A conversation with architect, artist, and MIT Media Lab professor Neri Oxman.

The Industrial Revolution heralded a new paradigm: “the World as Machine.” Material Ecology pioneer Neri Oxman proposes a model for the Digital Age: “the World as Organism.” This view aims to impart “a living quality” to the built environment, she explains. The resulting creations could be buildings made of a single surface material that can integrate multiple functions—”not unlike the human skin, which serves at once as both a barrier and a filter,” she says. But it is also the process of design that thrills and inspires the 42-year-old architect and artist, who studied medicine in Jerusalem and architecture in London before earning her PhD in design computation at MIT, where she heads the interdisciplinary Mediated Matter research group. “Design is bigger than ‘form follows function.’ It can lead to technological and even scientific progress,” she says. “A good designer can, by virtue of design—both the noun and the verb—not only solve problems, but also seek them out, long before they emerge.”

Your work melds numerous disciplines. How do you decide what to explore?

We don’t distinguish between the disciplines. Rather, we cycle through them—from science through engineering through art; from exploration through invention through expression. The Material Ecology approach is always present and acts as a set of guiding principles no matter the scale, the materiality, or the context. It’s a system to address manifold issues without categorical delineation, whether it’s curing malaria or populating Mars.

Inspired by the myth of Arachné, who was transformed into a spider by the goddess Athena, this 3D-printed, multimaterial corset, made in collaboration with Stratasys and W. Craig Carter and part of the permanent collection of MoMA, is imagined as a flexible armor optimized for both mechanical protection and flexibility.

Inspired by the myth of Arachné, who was transformed into a spider by the goddess Athena, this 3D-printed, multimaterial corset, made in collaboration with Stratasys and W. Craig Carter and part of the permanent collection of MoMA, is imagined as a flexible armor optimized for both mechanical protection and flexibility.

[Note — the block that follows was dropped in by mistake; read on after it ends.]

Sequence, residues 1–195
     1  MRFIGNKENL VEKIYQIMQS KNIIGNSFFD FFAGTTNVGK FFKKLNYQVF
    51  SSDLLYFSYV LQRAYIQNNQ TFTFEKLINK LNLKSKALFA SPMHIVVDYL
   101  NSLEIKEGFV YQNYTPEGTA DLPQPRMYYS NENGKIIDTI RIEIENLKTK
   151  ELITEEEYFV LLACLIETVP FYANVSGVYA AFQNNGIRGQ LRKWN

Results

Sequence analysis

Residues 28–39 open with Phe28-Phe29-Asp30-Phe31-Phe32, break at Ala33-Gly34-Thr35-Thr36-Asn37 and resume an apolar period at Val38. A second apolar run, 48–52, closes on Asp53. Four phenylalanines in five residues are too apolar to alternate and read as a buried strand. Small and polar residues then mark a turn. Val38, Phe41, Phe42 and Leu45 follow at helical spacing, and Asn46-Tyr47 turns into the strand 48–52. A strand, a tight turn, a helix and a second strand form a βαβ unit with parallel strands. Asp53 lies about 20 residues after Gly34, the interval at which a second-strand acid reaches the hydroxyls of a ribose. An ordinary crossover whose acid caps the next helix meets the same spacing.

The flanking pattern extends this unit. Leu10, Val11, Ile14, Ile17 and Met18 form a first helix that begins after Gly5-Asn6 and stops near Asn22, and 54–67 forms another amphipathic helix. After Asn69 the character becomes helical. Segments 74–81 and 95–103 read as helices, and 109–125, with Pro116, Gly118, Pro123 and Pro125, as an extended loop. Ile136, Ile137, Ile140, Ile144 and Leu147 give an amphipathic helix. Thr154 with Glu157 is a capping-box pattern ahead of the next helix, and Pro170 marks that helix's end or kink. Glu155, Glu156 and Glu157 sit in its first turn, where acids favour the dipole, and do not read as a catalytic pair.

Photo by Yoram Reshef

Walk us through your process.

Each of our projects is explored as a twosome: the technology to create the project and the material composition to be employed—whether naturally sourced or synthetically engineered. Our projects necessitate that we invent the technologies to create them. Our 3D-printed glass pavilion, for example, could neither be designed nor built without first inventing a glass printer. Then, through experimentation, we discovered that when the nozzle releasing the stream of molten glass is raised above a certain level it begins to wobble, and we can trace out waves or loops. Unlike blowing or forming glass, printing enables the creation of internal and external surface features that are nonidentical, that can concentrate and disperse light by virtue of their geometry. So really what we’re printing are optical lenses. We also collaborated with [Princeton professor] Pierre-Thomas Brun to create a reduced mathematical model describing the fluid dynamic behavior of the high viscous liquid “ropes” generated by our printer. So, the technology for 3D printing with glass generated new scientific knowledge that did not exist prior to this technology, and that’s very exciting, since it is usually the case that the technologies are invented upon scientific exploration. The opposite rarely occurs.

Members of the The Mediated Matter Group who contributed to the design and construction of the Aguahoja Pavilion, a full-scale architectural structure made primarily of biopolymers.

Members of the The Mediated Matter Group who contributed to the design and construction of the Aguahoja Pavilion, a full-scale architectural structure made primarily of biopolymers.

Photo by Jonathan Williams

How would you like to see 3D printing evolve? How useful is it for architects?

Our inbox is bursting with appeals to design perfume diffusers, vases, you name it. But why print small when we can dream big? In terms of utility for architects, we still have a way to go, but there are several paths we’re excited to explore in the near future, including, for example, more complex geometries on a facade scale that can reflect and transmit light in interesting and meaningful ways, including solar harnessing. Equally exciting is the ability to print spatial pockets and channels to contain fluids or other media, augmenting an architectural facade with photosynthetic media, for example, or biofuel. Imagine the Centre Pompidou in Paris without functional or formal partitions, where the structural support, environmental sensing, and visual connectivity are all coalesced within and expressed through a single materials system.

Photo courtesy The Mediated Matter Group

See the full story on Dwell.com: Q&A: Neri Oxman Sees Buildings of the Future as Being Designed More Like Organisms Than Machines

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